the united states. >> we began to realize that the best way to get a message to a foreign leader was to have the president go in the rose garden and make a statement, because everybody was watching cnn. >> cnn was a break through. it changed the whole world. >> it changed quickly. the network news business, that business that we weren't the only ones. and it was hard, you know. it's hard to be on the top little perch and have to come down off it. >> on special segment doesn'ton the network news. the profound changes taking part in television news. changes taking place by business and technology. >> there were a lot of reasons people were freaked out in the 1980s. one of them was cnn and the rise of cable. another was being taken over by foreign entities in corporate america. >> new owners spent billions buying the networks recently, and all of them want their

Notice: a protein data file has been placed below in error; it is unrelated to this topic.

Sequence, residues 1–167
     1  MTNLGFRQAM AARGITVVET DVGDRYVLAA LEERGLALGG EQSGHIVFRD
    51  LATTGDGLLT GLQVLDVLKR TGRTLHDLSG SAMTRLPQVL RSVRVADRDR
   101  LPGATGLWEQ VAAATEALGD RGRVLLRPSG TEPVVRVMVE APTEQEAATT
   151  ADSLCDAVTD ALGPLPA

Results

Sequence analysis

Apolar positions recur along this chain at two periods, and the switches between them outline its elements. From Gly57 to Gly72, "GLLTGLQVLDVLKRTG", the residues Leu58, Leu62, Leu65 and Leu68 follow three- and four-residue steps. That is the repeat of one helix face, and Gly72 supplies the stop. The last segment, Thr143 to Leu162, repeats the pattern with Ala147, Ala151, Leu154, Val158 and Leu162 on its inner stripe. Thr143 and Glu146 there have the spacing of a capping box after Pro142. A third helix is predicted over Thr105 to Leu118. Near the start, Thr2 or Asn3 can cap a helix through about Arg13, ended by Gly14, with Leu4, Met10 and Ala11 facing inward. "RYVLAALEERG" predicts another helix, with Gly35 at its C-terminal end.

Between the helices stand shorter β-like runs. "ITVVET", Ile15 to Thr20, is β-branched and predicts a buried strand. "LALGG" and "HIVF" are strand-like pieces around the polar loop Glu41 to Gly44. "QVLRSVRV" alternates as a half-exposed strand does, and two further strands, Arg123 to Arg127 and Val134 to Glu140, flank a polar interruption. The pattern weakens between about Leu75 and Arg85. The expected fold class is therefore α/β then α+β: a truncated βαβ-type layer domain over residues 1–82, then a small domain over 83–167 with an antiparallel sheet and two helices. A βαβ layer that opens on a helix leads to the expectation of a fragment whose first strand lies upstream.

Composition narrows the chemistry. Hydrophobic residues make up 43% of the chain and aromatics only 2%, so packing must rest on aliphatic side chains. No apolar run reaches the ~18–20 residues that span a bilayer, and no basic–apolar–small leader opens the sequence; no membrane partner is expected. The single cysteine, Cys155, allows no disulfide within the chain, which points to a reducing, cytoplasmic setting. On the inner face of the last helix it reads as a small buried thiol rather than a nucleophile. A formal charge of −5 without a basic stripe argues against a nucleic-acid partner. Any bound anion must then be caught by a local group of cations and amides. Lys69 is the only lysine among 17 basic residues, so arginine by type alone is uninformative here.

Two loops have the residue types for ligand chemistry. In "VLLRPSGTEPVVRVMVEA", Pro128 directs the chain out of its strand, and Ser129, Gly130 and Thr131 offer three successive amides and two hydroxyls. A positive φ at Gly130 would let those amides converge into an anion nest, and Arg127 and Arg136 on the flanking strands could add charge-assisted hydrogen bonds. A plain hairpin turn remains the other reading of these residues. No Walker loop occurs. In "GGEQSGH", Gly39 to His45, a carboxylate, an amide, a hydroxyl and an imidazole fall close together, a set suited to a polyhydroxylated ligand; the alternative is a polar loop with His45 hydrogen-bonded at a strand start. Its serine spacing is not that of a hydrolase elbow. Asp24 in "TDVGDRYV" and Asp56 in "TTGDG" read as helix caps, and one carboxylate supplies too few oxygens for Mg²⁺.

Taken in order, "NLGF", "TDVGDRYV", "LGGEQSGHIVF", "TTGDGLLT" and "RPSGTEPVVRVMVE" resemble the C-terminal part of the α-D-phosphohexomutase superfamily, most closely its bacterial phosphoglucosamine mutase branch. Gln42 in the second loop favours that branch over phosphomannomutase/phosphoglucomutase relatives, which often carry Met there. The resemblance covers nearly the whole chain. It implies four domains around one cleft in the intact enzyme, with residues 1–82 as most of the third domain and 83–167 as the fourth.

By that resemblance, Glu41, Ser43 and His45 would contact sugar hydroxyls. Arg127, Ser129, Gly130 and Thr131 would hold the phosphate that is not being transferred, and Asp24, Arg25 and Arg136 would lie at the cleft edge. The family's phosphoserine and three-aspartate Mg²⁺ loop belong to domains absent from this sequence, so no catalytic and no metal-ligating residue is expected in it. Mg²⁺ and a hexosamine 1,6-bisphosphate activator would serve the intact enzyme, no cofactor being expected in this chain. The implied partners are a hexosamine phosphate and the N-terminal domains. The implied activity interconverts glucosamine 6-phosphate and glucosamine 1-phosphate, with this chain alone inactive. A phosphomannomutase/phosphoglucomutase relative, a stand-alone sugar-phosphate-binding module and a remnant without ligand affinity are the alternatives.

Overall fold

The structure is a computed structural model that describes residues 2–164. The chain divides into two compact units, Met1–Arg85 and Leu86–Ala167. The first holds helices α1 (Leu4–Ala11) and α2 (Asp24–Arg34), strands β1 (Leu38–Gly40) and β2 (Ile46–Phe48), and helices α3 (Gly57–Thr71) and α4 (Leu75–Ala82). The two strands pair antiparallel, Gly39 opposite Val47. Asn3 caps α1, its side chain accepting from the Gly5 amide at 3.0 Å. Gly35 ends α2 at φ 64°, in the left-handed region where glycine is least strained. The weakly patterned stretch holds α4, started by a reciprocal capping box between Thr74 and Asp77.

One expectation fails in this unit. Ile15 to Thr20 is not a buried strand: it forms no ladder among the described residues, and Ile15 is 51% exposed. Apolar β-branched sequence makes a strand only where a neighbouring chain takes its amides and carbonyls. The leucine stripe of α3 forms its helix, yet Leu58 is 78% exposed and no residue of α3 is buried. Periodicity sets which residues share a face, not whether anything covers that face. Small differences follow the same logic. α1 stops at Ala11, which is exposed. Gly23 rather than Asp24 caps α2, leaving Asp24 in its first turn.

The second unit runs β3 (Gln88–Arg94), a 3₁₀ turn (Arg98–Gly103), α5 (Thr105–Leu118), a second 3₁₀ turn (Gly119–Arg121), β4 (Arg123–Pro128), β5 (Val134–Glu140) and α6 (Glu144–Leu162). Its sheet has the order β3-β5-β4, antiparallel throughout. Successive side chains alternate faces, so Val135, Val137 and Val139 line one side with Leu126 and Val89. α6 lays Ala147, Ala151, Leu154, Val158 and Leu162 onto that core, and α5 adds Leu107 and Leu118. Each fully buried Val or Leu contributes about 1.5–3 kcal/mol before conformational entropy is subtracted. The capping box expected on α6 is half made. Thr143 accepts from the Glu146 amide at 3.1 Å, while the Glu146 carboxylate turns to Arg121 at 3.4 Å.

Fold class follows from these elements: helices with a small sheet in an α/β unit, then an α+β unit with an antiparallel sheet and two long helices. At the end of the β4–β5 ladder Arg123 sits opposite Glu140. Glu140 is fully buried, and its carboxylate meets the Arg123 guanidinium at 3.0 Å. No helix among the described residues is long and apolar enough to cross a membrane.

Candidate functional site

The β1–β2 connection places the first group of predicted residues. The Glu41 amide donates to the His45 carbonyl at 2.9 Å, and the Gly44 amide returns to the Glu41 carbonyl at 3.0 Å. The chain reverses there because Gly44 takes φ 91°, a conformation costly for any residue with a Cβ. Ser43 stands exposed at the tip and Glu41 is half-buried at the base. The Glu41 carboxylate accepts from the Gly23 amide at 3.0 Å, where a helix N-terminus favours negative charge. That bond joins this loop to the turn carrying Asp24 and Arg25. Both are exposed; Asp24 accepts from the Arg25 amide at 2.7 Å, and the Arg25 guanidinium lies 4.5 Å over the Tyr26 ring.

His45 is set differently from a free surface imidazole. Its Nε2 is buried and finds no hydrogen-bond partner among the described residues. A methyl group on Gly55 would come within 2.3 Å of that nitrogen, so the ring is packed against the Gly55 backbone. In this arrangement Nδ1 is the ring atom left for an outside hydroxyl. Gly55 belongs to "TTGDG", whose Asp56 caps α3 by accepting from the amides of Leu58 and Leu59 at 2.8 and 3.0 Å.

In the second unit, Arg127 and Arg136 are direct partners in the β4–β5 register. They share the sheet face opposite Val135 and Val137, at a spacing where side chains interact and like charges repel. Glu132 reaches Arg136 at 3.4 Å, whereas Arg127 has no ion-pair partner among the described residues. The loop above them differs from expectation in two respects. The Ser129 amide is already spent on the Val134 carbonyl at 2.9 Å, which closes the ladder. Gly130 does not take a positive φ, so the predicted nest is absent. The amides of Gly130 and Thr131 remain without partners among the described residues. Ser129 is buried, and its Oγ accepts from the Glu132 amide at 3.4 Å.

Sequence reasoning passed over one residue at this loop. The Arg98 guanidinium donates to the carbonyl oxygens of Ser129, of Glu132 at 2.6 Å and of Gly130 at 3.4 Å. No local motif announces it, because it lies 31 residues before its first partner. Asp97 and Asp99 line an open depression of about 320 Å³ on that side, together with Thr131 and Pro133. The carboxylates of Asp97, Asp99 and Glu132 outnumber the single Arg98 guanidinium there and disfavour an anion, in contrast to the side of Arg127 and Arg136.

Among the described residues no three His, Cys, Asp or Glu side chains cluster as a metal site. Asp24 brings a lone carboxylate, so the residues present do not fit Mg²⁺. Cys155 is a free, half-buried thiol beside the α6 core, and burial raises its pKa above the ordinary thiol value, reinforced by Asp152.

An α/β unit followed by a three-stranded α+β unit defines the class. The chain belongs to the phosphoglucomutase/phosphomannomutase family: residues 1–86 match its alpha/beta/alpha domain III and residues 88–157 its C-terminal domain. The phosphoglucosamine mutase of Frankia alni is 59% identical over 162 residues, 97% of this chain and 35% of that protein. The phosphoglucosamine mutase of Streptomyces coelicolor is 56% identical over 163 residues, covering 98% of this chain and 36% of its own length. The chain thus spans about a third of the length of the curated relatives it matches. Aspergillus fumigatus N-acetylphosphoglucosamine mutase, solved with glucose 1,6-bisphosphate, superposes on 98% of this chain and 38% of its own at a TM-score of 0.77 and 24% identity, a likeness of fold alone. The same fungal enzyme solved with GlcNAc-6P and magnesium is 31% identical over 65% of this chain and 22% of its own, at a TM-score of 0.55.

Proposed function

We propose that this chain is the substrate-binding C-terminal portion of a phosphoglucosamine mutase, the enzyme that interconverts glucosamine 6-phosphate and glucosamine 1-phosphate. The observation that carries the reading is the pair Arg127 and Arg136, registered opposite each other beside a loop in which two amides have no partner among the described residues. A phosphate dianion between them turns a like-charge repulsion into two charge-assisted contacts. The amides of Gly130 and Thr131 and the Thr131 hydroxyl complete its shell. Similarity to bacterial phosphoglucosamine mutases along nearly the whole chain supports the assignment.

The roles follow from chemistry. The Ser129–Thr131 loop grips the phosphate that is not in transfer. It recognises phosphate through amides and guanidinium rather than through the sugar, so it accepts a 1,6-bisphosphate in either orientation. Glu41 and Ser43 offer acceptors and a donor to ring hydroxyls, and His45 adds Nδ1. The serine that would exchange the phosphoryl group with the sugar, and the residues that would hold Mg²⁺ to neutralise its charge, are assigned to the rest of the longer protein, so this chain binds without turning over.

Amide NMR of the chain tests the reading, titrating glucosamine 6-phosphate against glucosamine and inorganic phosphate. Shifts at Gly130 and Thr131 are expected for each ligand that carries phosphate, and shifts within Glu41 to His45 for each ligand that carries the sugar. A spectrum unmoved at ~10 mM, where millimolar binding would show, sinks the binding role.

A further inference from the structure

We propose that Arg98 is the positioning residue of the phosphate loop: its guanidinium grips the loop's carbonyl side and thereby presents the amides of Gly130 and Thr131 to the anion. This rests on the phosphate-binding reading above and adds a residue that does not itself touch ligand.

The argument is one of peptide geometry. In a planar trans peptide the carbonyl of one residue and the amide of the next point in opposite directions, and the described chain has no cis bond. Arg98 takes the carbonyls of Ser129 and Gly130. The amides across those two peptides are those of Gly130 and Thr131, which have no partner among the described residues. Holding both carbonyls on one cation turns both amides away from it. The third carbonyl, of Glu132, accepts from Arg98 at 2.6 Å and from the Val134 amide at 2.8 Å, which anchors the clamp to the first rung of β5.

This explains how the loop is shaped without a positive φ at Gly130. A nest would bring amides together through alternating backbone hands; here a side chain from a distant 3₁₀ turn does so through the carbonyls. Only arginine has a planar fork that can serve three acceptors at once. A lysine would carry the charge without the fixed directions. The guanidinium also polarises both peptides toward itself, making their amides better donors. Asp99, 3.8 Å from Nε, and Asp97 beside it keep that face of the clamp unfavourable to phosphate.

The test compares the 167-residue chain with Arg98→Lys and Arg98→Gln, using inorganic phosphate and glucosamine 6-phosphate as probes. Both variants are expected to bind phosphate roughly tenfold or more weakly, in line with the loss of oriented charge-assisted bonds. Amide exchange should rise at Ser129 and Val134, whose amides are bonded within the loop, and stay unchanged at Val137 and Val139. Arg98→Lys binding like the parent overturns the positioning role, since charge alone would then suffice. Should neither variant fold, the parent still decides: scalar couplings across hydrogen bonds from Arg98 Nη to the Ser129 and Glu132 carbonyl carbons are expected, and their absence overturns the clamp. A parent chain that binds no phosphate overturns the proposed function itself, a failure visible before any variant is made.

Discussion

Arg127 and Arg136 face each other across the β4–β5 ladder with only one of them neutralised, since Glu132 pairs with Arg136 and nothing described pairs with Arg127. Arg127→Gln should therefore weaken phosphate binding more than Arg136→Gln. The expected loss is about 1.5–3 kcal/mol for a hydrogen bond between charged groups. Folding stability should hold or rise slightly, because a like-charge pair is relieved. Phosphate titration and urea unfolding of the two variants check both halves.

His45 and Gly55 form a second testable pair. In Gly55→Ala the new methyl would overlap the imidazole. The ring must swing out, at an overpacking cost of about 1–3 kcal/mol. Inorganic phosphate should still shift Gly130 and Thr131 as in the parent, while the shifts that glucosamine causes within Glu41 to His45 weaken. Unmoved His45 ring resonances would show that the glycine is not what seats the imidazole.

money's worth. >> people began to find out that news could be a profit center, and that focussed a lot of attention on us. a lot from people in wall street for instance. >> if you think about the news divisions of abc, cbs and nbc they were part of a tradition that really matters. we serve the public. this is not about profit and loss. and the people who worked at those news divisions were totally freaked out by what it meant that they were now owned by these larger corporate entities. >> if it isn't profitable there won't be any more news. >> i worry about people interested in money and power getting ahold of television. it has higher purposes than that. >> we have seen the news, and it is us. whoops. sorry. unlike ordinary diapers pampers is the first and only diaper that distributes wetness evenly